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Big Data & Brews: Cloudera on SQL

By on July 29, 2014

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In continuing my conversation with Mike Olson, Cloudera’s co-founer and current chief strategy officer, he shared a really interesting perspective around SQL. Given that there is a lot of talk right now around this topic, you’ll definitely want to tune in!

TRANSCRIPT:

Stefan:           Welcome back to Big Data and Brews with Mike Olson from Cloudera. Cheers.

Mike:              Cheers, man.

Stefan:           Isn’t it great? I came up with this idea doing Big Data and Brews, obviously German heritage. Drinking beer at work and creating some [inaudible 00:00:22] content at same time.

Mike:              That’s fantastic. I told my PR staff, I really have no choice. I have to drink at work. It’s a requirement.

Stefan:           Yeah. I’m not sure what the legal impact is, but let’s ignore this for now.

We talked about SQL a little bit in the last segment, but one more thing I want to dive into is now there’s Hive. You guys support Hive.

Mike:              Yes.

Stefan:           You have Impala as well, but my understanding is Impala has the same SQL dialect/engine as Hive?

Mike:              No. It’s an entirely different ground up implementation. I’ll go into detail if you want.

Stefan:           The big question here is really, everybody has its own little SQL story now. I think that was one of the really challenging things at the data base world that you obviously have tremendous experience.

How you see this? Is it coming together? Is that a problem for customers?

Mike:              I think the brutally frank answer is no, it’s not going to come together. The deal is, there is so much money in the SQL query processing market, and they are such large, entrenched players that there’s huge interest in exclusive control over the different engines in the market which means nobody wants to collaborate, really, with anybody else because they’d like to have their differentiated offering.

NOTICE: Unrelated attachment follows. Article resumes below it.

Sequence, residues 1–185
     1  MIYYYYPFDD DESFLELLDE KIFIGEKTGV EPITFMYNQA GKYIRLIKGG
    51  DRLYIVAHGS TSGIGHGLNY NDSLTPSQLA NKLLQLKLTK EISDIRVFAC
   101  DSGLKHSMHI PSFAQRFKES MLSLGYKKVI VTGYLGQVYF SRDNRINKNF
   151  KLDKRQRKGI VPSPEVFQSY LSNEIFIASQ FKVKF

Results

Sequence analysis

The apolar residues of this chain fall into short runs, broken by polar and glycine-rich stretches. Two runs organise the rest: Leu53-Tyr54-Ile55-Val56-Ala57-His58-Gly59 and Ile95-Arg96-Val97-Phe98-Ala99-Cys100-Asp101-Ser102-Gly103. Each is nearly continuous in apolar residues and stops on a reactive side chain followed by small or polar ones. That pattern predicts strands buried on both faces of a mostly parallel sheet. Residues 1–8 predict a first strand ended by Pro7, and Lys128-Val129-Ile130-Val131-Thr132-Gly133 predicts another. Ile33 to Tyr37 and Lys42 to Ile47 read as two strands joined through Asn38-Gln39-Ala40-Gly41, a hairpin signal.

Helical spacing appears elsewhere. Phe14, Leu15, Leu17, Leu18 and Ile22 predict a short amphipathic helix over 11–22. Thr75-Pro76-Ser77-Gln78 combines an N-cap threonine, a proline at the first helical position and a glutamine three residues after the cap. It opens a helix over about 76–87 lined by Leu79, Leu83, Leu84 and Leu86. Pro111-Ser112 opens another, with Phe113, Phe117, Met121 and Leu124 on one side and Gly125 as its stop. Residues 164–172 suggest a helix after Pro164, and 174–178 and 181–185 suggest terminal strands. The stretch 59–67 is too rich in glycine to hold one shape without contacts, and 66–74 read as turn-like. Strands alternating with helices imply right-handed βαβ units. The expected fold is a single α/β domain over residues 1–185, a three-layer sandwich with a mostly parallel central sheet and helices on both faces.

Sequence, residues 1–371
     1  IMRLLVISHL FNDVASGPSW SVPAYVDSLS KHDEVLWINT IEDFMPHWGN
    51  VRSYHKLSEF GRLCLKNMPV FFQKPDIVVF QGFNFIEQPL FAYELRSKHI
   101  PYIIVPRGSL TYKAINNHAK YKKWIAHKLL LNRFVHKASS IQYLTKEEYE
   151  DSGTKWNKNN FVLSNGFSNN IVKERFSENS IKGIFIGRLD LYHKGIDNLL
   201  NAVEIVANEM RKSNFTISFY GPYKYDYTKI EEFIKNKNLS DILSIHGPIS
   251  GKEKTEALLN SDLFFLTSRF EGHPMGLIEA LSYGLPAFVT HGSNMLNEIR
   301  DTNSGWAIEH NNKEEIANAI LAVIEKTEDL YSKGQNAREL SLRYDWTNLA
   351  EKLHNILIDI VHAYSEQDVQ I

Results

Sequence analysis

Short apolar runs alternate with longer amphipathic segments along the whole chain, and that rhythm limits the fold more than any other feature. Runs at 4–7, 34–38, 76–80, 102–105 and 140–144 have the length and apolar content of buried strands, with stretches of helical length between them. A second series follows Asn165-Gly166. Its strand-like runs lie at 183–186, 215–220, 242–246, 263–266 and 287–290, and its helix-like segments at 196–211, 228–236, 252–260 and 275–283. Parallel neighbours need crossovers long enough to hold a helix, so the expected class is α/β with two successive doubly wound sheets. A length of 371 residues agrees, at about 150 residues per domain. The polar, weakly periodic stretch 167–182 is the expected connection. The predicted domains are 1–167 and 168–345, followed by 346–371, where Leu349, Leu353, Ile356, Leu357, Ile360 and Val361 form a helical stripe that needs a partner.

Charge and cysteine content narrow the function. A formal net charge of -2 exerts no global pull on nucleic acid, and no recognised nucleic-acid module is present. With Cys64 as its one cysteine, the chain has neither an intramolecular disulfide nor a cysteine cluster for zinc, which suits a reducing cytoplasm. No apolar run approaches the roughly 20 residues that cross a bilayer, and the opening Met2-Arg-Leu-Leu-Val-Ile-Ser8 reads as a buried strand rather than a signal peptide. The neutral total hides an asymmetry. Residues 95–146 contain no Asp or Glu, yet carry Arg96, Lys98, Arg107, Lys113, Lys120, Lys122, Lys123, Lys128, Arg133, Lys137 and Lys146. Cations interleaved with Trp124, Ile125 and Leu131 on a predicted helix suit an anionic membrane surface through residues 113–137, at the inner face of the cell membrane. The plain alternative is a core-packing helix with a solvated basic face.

The traditional vendors, think IBM and Oracle and Teradata and others, have decades invested in a really high performance query processing analysis and they’d love to move that to a big data platform, right?

Our point of view is that in the long term, any native SQL engine running on the Hadoop infrastructure, what we call an enterprise data hub, one place to land all your data, any native SQL implementation has to be competitive on performance with those engines, right?

If you think about SQL on Hadoop came from, so at Facebook, they needed to type SQL queries against their..

Stefan:           Yeah, they had a whole bunch of SQL developer, right?

Mike:              Yeah. At the time, by the way, Hadoop was MapReduce plus the storage layer. That’s all.

They did what you would do. They wrote some code that sat on top of MapReduce that took queries and turned them into MapReduce jobs. Batch mode, high latency, complex processing. It’s not that it worked well, but hey man, an elephant that can dance at all is a pretty remarkable thing.

Hive was born on MapReduce and was designed for the MapReduce kind of high latency execution framework. It was designed to basically submit batch jobs to MapReduce. That’s where we were.

If you look at what Google runs internally for their infrastructure, and they invented MapReduce and the storage layer, right? They built a distributed query processing engine, beginning called F1 and evolved into something called Spanner, but it is a native distributed query processing engine built from the ground up to run in parallel on the same hardware infrastructure but not to rely on MapReduce.

Special purpose engine, the thinking went, is going to out-perform any general purpose engine with a thin layer on top. And they’ve demonstrated that was true.

That was our intent with Impala. Impala v Hive, that was a very easy decision for us. Of course, the Hive ecosystem is evolving now as well.